For seven years North Korean artist Song Byeok painted propaganda posters glorifying the world’s most secretive regime. Today, having defected to South Korea, he uses his talents to satirize his repressive homeland.

Growing up, Song says he revered North Korean founder Kim Il Sung as a god, and was “100 percent” loyal to his son and successor, Kim Jong Il.

“I really believed we were the happiest people (in the world) because we had been brainwashed since childhood,” he said in London where he is showing his paintings.

The turning point came when Song was sent to a labor camp, which he likened to the concentration camps of World War II.

In the mid to late 1990s, North Korea was hit by a devastating famine which killed hundreds of thousands of people.

As his family grew weak from hunger, Song and his father decided to cross the Tumen River to China to find food to bring back.

When his father was swept away Song asked two border guards to help look for his body. He was immediately arrested and tortured.

The six months he spent in a labor camp nearly killed him, but also opened his eyes.

“They treated prisoners like animals, not as human beings. I saw many of my friends die,” Song said through an interpreter.

“In the morning I didn’t even want to open my eyes, I wanted to die,” he added. “When I heard birds singing I envied them their freedom.”

Months of hard labor and minimal food left him so ill that the guards believed he was about to die and let him go.

He was a “walking skeleton” when he turned up at his uncle’s home. His family did not even recognize him.

His right index finger had to be amputated because of an injury sustained during hard labor, and he has since had to relearn how to paint.

In 2001, having recovered his health, Song decided to escape North Korea. This time he carried poison with him so he could commit suicide if caught.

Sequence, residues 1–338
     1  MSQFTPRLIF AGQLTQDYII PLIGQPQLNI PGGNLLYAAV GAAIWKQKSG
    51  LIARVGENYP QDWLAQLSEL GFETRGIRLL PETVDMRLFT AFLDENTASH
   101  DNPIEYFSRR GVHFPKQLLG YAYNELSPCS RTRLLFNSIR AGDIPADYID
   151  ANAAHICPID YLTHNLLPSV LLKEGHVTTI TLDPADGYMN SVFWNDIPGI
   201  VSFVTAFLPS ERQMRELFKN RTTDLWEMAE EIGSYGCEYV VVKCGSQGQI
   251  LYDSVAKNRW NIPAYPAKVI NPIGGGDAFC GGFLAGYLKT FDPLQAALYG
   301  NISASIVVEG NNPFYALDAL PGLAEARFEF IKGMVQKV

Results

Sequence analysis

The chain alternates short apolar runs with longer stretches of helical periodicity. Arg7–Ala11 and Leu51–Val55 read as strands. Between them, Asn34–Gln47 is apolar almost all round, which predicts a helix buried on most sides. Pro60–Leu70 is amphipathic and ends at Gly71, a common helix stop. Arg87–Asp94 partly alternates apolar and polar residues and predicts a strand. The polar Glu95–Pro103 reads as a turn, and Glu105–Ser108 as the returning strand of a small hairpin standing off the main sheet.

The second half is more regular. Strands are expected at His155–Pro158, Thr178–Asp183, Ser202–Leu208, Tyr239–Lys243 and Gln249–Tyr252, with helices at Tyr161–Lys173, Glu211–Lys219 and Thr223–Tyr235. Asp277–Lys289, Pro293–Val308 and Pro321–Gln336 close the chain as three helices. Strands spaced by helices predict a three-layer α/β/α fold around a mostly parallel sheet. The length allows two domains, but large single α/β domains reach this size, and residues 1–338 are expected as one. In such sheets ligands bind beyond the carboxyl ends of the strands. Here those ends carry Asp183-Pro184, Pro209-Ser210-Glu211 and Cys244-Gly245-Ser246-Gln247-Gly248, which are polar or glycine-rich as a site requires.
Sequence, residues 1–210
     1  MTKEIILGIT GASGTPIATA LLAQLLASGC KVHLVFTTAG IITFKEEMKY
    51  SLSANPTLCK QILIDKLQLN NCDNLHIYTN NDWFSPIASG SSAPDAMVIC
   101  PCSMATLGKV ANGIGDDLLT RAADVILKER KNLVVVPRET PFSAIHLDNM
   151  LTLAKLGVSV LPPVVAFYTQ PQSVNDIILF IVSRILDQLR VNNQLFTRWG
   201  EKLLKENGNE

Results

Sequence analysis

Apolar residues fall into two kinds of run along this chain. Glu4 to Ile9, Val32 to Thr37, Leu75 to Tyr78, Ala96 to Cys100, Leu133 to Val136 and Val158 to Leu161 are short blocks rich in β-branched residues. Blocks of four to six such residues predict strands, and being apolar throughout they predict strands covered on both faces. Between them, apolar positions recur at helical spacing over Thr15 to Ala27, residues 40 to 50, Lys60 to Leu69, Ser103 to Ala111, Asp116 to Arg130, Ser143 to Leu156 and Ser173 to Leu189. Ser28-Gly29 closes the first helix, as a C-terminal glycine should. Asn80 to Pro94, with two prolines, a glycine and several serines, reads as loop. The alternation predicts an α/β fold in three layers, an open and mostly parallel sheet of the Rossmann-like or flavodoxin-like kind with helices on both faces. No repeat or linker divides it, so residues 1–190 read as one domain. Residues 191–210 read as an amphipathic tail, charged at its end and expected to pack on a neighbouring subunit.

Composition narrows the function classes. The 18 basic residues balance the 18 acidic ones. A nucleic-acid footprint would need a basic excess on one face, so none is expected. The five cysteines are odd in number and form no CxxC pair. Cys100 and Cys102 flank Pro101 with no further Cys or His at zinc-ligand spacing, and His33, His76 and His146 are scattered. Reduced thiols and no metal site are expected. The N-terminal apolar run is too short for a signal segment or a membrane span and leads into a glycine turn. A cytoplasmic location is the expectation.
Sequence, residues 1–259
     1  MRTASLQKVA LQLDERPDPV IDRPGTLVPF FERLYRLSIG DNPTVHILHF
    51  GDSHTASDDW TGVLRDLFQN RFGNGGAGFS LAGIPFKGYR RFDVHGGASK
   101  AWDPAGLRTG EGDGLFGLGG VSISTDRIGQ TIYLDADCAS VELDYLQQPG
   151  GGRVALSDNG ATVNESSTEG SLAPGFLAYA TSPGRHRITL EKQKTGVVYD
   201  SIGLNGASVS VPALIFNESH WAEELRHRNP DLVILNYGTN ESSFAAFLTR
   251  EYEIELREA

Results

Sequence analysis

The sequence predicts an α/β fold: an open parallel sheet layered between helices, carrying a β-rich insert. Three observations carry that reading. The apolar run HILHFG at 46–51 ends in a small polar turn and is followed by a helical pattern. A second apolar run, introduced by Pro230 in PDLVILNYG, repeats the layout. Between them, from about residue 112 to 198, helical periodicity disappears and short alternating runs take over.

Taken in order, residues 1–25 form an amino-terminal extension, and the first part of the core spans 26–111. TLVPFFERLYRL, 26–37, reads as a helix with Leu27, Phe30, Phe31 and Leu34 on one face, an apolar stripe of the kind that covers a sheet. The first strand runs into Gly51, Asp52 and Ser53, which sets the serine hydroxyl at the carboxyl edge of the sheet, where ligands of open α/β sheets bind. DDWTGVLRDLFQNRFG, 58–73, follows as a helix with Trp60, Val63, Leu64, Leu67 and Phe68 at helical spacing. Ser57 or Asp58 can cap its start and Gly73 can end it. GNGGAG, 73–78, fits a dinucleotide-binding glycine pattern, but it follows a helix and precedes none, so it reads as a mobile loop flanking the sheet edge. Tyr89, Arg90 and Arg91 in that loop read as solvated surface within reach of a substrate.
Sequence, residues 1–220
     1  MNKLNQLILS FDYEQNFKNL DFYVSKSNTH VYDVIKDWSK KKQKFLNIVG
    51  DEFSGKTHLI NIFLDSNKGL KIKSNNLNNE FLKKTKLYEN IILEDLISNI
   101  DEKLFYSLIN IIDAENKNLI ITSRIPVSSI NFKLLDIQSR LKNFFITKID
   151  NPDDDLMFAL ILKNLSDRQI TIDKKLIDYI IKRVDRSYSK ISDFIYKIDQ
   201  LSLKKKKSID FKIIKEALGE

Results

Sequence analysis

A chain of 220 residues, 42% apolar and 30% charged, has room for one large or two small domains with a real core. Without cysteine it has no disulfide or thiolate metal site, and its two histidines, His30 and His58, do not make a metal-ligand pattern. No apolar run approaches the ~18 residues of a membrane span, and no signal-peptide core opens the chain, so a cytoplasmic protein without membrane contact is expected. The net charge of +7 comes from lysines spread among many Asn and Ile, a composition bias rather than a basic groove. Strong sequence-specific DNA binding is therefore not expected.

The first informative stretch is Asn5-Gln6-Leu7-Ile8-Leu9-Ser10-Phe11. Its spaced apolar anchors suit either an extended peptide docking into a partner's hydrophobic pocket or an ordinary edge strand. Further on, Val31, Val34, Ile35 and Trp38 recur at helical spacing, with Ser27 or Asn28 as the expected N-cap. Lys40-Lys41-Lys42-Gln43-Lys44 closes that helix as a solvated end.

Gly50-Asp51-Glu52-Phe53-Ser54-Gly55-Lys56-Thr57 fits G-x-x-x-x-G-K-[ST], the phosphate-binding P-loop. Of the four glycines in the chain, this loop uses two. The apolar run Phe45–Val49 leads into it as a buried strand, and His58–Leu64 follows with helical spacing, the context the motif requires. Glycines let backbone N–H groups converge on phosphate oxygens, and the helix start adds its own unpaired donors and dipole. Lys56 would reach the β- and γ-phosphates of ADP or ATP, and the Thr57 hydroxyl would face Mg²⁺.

“My heart was breaking, thinking about when I could come back home and see my family again,” he said. “I couldn’t stop crying, and was thinking, ‘Who made me leave home like this?’ “

His mother died of hunger after he left.

In China, Song met a businessman who managed to get him to South Korea.

It was a massive culture shock. He still vividly recalls his astonishment on his first day at seeing an electric rice-cooker full of rice. But, remembering how his countrymen were starving, Song couldn’t bring himself to eat any of it.

After putting himself through art school, Song began creating satirical art to raise awareness of the suffering of his people.

Humor makes his work more accessible, says Song who has already exhibited in the United States and will be taking his London show to Frankfurt.

During his years as a propaganda artist, Song said he painted images of happy soldiers, farm laborers and factory workers with slogans like “Let’s walk forever with Kim Il Sung.”

One slogan he remembers painting is “Will you live as free people or slaves?” The irony, he says, is that North Koreans really do live as slaves.

Many of these slogans are incorporated into his satirical work, their meanings subverted by the accompanying imagery.

In one sketch, the slogan “We are happy” appears beside a starving child holding a baby.

His most famous painting shows Kim Jong Il’s face superimposed onto the body of actress Marilyn Monroe as she tries to hold down a billowing white dress.

Song’s paintings also send up current leader, Kim Jong Un, who took over in 2011 following his father’s death.

In one he is seen dancing in shorts made from an American flag, in another he ice-skates across North Korea — symbolizing the country’s frozen state.

The artist is one of some 25,000 North Koreans who have fled to South Korea in the last 20 years to escape famine and repression. Many others are in hiding in China.

But even in Seoul, Song continues to live in fear of the North Korean regime; his art has not gone unnoticed north of the border.

“They’ve said they will send agents to kill me,” he said. “Every day, when I go home, I worry there may be somebody waiting.”

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